Downtown Milwaukee has been undergoing a building boom in recent years — from completed projects, like the Northwestern Mutual tower and the newly named Fiserv Forum, to current ones, like the BMO Harris tower on Water Street.
The changes have affected the city’s cultural facilities as well. The Oriental Theater is undergoing major renovations under its new ownership. The Milwaukee Symphony Orchestra is renovating the Grand Theater as its new venue. And the Milwaukee Art Museum built an addition in 2001 to ease a then-looming crisis in storing its vast collections.
The Milwaukee Public Museum is dealing with a similar issue in the space it has occupied for more than 50 years. The museum announced several months ago that it's starting the planning process to build and move to a new facility. More recently, museum leaders unveiled design concepts as they plan how to fund the project.
Visitors to the museum might not know it, but the museum's current building poses a threat to its valuable collections, which exceed 4 million specimens and artifacts.
Dennis Kois, president and CEO of the Milwaukee Public Museum, says the museum's emergency response team can only do so much to protect the collections from "the failures of the building and a facility that has really outlived its useful life." Some of the problems include water leaks, mold issues, and temperature swings.
He says the building's deterioration is slowly but surely degrading and destroying the museum's collections. "Our job as a museum is to care for those collections so that they're around 100, 500, 1,000 years from now, hopefully, for people to research and utilize," Kois says.
Roughly 10 percent of the museum's objects are on display at any given time because many of its objects and specimens are used for research purposes. Kois believes the museum should be considered a statewide institution, as it is Wisconsin's natural history museum and only major research-based institution of its kind. The research conducted with the museum's artifacts benefits the whole state, he says, and there are collections and visitors from every county in the state.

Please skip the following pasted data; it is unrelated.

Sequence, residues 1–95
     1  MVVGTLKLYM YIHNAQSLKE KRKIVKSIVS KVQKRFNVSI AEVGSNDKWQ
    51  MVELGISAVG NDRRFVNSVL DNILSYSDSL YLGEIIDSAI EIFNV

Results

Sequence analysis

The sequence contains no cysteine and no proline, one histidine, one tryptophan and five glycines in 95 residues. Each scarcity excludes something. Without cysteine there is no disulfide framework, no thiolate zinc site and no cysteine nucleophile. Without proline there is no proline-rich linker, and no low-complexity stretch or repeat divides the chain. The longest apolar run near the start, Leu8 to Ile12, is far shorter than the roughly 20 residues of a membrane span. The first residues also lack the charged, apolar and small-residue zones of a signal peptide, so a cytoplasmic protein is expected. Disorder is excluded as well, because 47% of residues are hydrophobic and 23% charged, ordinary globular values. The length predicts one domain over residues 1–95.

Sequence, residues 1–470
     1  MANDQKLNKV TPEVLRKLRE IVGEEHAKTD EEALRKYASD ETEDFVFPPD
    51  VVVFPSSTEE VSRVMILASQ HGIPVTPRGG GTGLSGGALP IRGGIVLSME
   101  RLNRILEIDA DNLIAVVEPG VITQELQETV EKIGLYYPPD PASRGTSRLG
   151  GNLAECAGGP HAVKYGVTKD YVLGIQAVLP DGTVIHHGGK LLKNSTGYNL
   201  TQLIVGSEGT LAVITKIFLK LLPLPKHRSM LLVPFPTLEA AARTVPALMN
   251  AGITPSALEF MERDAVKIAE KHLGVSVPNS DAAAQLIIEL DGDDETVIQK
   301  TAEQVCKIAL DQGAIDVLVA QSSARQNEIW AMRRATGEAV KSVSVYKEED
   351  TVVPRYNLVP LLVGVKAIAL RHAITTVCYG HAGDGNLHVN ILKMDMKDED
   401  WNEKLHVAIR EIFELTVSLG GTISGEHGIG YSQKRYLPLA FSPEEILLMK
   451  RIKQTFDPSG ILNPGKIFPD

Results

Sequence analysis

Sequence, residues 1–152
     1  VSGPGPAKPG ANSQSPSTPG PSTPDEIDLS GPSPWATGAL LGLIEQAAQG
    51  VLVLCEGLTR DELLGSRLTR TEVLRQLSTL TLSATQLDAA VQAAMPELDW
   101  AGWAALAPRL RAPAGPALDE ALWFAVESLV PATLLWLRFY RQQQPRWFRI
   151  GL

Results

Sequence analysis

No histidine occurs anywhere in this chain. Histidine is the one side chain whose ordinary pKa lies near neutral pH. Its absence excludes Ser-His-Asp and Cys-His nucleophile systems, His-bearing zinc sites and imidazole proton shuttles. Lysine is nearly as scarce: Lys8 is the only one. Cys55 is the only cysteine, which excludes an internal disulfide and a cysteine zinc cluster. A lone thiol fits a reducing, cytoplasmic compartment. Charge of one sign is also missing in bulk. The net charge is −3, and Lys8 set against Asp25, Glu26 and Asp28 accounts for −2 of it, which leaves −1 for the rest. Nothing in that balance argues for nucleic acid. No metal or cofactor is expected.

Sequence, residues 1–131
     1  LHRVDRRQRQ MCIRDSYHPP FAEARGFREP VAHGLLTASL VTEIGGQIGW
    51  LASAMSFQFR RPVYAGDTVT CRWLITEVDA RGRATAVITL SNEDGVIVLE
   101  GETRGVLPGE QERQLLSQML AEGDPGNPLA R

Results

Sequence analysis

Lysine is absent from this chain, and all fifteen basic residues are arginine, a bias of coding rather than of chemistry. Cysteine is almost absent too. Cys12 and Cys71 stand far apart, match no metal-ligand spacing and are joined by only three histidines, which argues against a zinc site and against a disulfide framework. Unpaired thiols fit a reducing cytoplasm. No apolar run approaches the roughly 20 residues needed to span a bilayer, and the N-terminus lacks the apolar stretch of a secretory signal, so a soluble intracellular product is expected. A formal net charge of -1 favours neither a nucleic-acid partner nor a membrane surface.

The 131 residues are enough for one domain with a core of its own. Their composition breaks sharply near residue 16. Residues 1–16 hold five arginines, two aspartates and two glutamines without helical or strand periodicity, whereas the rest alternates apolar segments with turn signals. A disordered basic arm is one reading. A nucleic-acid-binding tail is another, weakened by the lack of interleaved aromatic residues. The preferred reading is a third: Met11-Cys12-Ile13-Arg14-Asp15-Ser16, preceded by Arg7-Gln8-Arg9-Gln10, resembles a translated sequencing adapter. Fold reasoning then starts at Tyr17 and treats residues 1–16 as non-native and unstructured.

To continue to fulfill this important role, Kois and others insist, the museum needs a new home.
Kois says it has taken some time to realize the extent of the problem, but a 2013 report by the Public Policy Forum demonstrated the extent of the building's issues.
Ideally, Kois says, the museum is looking for a location close to downtown that meets a range of criteria. He wants the new building to feel like part of the streetscape, an open place of knowledge and ideas that is accessible and inviting to visitors. Proximity to public transportation networks is a factor, as well as the availability of parking and event space, which are important considerations for long-term sustainability for the museum's business-related capacities.
Although the building will be new, the plan is to keep some things the same and preserve what makes the Milwaukee Public Museum special.
By the end of this year, Kois hopes to choose a location for the new building. He wants to break ground on the new facility by 2022.
In the meantime, Kois will be working toward securing financing for the new building. He feels encouraged by recent state investment in the Wisconsin Historical Society and believes there's a strong case for the museum as an institution worthy of statewide investment.